Cloud computing is a term like many before it such as ‘broadband internet, ‘3G’ and even ‘social networks’ where many profess to know what it is yet it takes years for them to really understand it.

So much so that a recent survey for Citrix by Wakefield Research revealed that 51 per cent of Americans questioned said they believed cloud computing was affected by stormy weather. It also reported (somewhat less dramatically) that 95% didn’t even think they used the cloud even though most of them were.

While such confusion reigns it’s no surprise that the onset of cloud computing is going through something of a storm itself.

Bring Your Own Device (BYOD) means people are using their own smartphones (and tablets) for use at work as the company phone becomes as effete as the company car. But it is no longer about the device, now it is about the apps that the employee uses. Some have dubbed it BYOA (Bring Your Own Apps).

The Citrix report says that in the UK more than 90 per cent of organisations are seeing employees downloading their own apps for business use with almost two-thirds of these companies concerned about unmanaged app usage in the workplace and the effects it has on the privacy of that organisation’s data.

“Where the use of employee-owned devices is permitted, the employer must be conscious to ensure that the introduction of the employee-owned device into its network does not lower the standard of data security beyond the level required.

“At the same time however, employers must also think about their obligations to their employees. It may be that a ‘Choose Your Own Device’ policy, where employees can select what devices they wish to use for work purposes, could be a better solution,” said Luke Scanlon, Technology Lawyer at Pinsent Masons.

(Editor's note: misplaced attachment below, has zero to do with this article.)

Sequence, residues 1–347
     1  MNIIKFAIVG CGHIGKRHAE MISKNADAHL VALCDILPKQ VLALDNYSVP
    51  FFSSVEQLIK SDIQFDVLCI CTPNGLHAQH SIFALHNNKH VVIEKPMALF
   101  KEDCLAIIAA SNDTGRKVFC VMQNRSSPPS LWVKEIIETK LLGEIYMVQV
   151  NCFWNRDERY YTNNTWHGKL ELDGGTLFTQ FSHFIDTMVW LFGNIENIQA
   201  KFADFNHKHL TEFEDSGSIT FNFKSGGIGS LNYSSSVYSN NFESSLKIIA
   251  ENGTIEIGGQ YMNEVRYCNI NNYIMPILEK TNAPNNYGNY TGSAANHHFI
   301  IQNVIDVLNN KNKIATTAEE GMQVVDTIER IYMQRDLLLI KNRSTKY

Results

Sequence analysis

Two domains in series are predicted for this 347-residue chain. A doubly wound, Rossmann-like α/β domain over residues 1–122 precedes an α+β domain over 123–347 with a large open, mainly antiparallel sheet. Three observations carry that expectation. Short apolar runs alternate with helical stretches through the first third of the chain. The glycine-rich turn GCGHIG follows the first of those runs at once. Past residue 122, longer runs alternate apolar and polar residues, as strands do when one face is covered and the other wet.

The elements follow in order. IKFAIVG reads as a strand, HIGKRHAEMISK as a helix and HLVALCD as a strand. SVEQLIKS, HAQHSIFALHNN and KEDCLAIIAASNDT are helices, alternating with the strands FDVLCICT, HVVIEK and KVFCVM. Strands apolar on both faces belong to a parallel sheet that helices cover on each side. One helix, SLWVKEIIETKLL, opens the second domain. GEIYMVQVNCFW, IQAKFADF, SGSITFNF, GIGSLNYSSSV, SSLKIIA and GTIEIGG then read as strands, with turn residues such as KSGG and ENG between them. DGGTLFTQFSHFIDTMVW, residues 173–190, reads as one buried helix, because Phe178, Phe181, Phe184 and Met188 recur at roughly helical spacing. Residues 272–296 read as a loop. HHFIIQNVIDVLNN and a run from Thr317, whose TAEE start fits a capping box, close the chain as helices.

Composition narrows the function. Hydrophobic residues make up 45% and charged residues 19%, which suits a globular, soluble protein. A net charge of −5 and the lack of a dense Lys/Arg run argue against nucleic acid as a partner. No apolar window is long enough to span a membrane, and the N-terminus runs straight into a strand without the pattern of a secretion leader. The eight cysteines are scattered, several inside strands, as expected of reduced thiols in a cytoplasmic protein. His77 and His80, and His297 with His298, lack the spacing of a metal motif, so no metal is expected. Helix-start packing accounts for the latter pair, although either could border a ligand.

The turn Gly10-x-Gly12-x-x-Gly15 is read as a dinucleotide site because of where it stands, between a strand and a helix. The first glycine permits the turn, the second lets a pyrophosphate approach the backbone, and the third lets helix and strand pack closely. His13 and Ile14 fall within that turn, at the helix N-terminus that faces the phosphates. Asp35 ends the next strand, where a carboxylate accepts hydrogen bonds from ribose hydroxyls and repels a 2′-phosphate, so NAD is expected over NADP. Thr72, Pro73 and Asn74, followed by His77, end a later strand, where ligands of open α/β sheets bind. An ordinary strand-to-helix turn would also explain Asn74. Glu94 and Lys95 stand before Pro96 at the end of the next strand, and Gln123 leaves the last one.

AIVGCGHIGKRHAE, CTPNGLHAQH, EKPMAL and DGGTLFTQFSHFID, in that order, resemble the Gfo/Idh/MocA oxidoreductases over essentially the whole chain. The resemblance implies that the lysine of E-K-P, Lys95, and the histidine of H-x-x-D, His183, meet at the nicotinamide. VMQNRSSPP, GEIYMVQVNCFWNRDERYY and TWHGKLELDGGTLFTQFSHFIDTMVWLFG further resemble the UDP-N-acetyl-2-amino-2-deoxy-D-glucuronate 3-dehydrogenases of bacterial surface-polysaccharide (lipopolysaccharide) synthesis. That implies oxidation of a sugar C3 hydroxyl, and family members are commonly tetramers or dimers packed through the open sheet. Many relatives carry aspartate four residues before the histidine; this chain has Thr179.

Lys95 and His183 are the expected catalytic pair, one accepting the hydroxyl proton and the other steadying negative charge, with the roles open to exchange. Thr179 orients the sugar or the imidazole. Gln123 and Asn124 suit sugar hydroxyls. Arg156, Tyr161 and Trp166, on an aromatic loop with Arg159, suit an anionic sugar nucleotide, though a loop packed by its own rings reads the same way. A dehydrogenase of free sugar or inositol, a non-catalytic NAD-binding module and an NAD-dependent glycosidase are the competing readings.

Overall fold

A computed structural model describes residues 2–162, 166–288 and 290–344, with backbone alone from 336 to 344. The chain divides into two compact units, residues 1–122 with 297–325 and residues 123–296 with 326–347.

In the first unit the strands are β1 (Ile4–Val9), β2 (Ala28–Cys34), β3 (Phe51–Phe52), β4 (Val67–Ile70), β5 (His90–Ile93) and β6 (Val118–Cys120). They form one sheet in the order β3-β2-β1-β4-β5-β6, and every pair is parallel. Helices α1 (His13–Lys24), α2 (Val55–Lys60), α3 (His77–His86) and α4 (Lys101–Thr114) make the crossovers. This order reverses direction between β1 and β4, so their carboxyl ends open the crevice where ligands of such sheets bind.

Bring or choose, the trend is for employees to use such tools for storage note-taking and free apps such as Skype for voice communications. The numbers are already impressive. Yammer has more than five million corporate users, Google apps has 40 million active users and Dropbox has more than 50 million users.

Kevin Freedman is CEO of SaaS company Kaboodle, which is a marketing project management platform that ‘plans and tracks, shares and collaborates, reviews and approves.

Moreover it is an example of a specific app that focuses on marketing campaign management, allowing multiple users to manage a large number of documents, approvals and content across territories and between brands and agencies.

“Over the last few years we’ve seen BYOD have a huge impact on organisational control of data and tools. Ten years ago the thought of unsanctioned software entering the corporate network would have sent IT departments into meltdown.

“BYOD has broken down the barriers and pushed Software as a Service (SaaS) to new levels and in effect created BYOA with tools such as Yammer, Huddle and ourselves working in the cloud, providing faster, better alternatives to traditional ‘command and control’ enterprise software,” he says.

Innovation is coming from customers and employees as they demand apps that work better for them than the prescribed software and processes offered by businesses historically. Already it seems clear that Cloud-based apps, while creating a clash of cultures in many organisations, are the future.

This view is iterated by Diana Easley, Director of User Insights at Skype who emphasises the multi-platform element of BYOA.

“Employees want to choose the devices and applications that are right for them, and that’s why we have invested in building Skype around the mobile platforms people are using every day: Android, iOS, and Windows Phone.

“In our view, ensuring that apps are able to work across multiple platforms and available to all employees both at home and in the office is the next step for BYOA and BYOD,” she says.

So, whether Cloud Computing will suffer in a thunderstorm or if the phrase itself is over-used, it’s becoming increasingly clear that it will have a profound impact on the way we use our devices and live our working lives. Like its predecessors of broadband internet, 3G and social media, it is not only here to stay, it’s also here to change.

Source: The Telegraph